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John Wood

  • Programme: Masters in Finance part time
  • Nationality: British
  • Job Pre-programme: Associate Director, Lloyds TSB Bank Financial Markets
  • Job Post-programme: Director of Pricing and Investments Lowell Group

Professional background

John graduated in Economics in 2001 and was recruited by Lloyds on a two-year graduate management trainee programme. He began work as an Associate in the division now known as Wholesale Banking and Markets, on the Financial Solutions Desk in London in 2003, and attended the Masters in Finance in 2006/7.

Arresting a slowdown

At Associate level, around 2005, I felt like I wanted to do more. My learning and career development was going to start slowing down, and needed a boost. I always wanted to do a masters, so by then having secured some valuable vocational experience, everything seemed to align itself. I approached my boss with a request for funding for the Masters in Finance, having thoroughly prepared for the meeting and expecting a really robust debate, but the meeting lasted just ten seconds – my boss said I could do it.

Choosing to do the programme at London Business School was a no-brainer for me as it’s a number one institution, simple as that. As a finance professional, working for a bank, I felt the Masters in Finance was obviously better for my career than a general administration qualification. Studying part-time while working was a real benefit, as I was able to apply each to the other in a symbiotic relationship.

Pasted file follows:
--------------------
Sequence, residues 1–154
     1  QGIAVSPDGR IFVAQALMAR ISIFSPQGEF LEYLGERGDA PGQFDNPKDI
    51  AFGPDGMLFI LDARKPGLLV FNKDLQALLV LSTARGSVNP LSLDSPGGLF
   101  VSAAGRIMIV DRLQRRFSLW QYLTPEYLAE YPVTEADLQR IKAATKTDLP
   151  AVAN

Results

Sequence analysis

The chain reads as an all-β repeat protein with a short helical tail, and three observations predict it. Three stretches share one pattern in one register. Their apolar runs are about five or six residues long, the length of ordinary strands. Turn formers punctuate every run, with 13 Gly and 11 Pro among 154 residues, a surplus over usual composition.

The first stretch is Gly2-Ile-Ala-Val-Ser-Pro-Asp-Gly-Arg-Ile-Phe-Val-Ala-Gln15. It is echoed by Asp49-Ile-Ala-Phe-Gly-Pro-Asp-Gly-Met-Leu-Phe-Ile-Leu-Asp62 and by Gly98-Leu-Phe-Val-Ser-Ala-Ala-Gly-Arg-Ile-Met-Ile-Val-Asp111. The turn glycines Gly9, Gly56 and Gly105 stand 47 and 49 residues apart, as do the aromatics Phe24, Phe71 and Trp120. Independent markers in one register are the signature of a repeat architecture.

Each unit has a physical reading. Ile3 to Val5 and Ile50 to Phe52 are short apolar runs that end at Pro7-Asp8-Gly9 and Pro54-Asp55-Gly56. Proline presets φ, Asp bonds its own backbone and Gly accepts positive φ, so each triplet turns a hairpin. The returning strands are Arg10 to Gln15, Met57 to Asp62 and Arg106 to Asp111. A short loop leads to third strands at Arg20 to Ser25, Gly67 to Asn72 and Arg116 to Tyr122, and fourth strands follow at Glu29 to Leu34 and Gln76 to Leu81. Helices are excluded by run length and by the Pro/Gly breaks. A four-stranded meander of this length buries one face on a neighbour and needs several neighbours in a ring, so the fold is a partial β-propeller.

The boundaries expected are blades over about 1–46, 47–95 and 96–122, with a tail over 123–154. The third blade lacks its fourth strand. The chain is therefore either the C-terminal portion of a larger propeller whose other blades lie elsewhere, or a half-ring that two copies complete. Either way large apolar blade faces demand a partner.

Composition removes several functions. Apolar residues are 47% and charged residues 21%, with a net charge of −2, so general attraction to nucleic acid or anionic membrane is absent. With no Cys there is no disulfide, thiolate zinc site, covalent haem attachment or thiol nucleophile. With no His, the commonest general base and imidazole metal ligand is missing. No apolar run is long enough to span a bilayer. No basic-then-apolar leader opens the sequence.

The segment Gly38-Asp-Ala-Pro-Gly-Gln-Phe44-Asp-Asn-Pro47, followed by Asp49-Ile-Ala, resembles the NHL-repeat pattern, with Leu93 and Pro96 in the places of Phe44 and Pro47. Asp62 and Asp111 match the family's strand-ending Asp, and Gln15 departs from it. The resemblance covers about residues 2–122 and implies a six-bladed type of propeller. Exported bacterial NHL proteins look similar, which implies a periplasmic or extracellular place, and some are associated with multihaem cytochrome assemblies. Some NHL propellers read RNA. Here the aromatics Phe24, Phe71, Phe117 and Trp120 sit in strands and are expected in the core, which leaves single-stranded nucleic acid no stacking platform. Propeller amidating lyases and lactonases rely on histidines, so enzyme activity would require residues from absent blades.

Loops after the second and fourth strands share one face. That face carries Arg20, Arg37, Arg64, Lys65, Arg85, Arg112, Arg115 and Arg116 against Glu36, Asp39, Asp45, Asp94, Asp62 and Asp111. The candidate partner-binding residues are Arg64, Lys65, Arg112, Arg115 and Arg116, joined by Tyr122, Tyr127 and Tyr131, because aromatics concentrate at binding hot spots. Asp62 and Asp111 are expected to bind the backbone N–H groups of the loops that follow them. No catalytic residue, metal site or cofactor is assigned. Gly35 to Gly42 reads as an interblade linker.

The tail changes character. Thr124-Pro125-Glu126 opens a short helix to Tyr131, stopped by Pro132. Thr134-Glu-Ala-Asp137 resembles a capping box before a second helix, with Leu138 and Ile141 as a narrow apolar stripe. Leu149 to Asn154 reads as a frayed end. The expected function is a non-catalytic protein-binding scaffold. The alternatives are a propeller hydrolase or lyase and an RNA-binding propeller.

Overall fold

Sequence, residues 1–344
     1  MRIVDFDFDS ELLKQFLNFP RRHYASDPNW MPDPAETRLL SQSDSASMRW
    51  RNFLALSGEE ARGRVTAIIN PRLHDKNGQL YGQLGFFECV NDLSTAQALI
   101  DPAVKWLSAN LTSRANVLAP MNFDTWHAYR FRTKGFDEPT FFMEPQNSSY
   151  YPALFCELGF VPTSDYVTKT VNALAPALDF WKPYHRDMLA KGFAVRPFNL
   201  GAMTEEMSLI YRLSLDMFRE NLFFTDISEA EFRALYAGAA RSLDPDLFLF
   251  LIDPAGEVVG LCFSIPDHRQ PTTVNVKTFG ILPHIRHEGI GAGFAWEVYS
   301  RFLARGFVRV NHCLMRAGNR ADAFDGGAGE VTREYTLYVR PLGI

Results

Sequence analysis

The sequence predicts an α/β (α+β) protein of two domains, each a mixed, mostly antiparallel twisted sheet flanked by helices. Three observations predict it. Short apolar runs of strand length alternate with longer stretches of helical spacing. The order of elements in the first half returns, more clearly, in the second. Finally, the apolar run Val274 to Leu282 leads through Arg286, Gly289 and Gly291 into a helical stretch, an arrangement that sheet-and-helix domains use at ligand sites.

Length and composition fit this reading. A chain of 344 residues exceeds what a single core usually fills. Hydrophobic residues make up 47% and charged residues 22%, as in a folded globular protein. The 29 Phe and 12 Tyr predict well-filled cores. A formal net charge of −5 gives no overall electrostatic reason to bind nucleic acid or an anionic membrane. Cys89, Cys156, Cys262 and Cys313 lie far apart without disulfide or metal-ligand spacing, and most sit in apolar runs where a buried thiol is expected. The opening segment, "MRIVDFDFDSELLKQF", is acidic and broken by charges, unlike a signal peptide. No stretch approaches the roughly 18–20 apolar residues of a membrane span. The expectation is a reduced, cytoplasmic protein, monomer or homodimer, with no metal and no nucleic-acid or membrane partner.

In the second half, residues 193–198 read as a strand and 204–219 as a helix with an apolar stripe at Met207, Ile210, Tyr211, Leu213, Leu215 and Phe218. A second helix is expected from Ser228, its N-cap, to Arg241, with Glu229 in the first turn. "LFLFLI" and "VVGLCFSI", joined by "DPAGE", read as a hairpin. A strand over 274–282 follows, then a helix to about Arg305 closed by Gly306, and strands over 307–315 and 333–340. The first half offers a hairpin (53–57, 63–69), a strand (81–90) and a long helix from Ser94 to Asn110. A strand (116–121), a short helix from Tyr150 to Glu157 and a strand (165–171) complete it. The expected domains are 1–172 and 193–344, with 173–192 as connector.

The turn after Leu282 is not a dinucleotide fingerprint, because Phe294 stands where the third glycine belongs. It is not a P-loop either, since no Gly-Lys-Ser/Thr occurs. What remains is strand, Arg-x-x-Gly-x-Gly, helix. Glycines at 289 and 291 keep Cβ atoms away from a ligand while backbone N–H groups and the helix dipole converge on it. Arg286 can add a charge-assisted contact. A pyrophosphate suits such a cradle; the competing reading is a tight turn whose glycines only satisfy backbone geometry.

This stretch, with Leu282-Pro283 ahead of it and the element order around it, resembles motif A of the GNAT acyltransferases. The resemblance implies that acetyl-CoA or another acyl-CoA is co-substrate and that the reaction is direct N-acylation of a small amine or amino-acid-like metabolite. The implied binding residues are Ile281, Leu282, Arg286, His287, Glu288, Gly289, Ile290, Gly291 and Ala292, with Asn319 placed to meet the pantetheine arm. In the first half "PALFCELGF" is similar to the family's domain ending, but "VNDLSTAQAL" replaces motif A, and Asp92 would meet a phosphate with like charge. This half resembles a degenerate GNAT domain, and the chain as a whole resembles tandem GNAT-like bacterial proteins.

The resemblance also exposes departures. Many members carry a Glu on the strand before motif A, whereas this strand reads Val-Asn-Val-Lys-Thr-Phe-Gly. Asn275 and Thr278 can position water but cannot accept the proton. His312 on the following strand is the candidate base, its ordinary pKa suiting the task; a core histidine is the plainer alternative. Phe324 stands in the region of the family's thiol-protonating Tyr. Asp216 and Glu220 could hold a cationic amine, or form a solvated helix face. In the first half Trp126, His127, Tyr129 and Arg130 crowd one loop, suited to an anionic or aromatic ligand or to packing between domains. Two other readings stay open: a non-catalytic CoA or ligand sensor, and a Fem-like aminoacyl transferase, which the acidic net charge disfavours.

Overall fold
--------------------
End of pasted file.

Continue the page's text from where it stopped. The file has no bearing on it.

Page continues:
Huge commitment

This was a hugely arduous two years, as much for the bank as for me. You’ve got to be eyes-open about what this degree involves. It needs a huge commitment of time to do it properly, as well as an ability to organise your time effectively, combining study with a hugely consuming job and there is no denying that it puts a strain on relationships (I proposed when the finishing line was in sight, and married in December 2007)! However, my company was looking to further my career, and supported me.

In return I showed determination and gained knowledge, differentiation, credibility and ownership of my future career.

My elective modules took a strong steer towards the quantitative side of finance; including Financial Engineering, Options and Futures, and Fixed Income Securities - all of which were of direct relevance to my line of work. However, the lasting legacy is not just about the technical skills, but the ability to train your brain to think in a certain logical way, combined with honing your skills around organisation, time management and discipline.

The right and the opportunity for promotion

Graduating with a Masters in Finance allowed me to stand out a bit more from all the other very smart and capable people working in the bank. It’s a bit of a differentiator and in addition to my track record with the bank as a top performer, it gave me the right and the opportunity to discuss my next career steps with the Bank’s very senior management.

Following the Masters in Finance, in early 2008 I was given the opportunity of promotion, to run the Lloyds Mid Markets Risk Advisory business in Scotland, and I definitely benefited from the credentials I brought. I helped build that business and deliver exponential growth, with the skills and experience I gained when working for the Masters in Finance definitely contributing to that success. When Lloyds Banking Group formed, I took the opportunity in late 2009 to move to Leeds to run the team covering the North of England, and having done that in 2011, I’ve now been given responsibility back for Scotland as well.

It was extremely tough, but I wouldn’t change it for the world.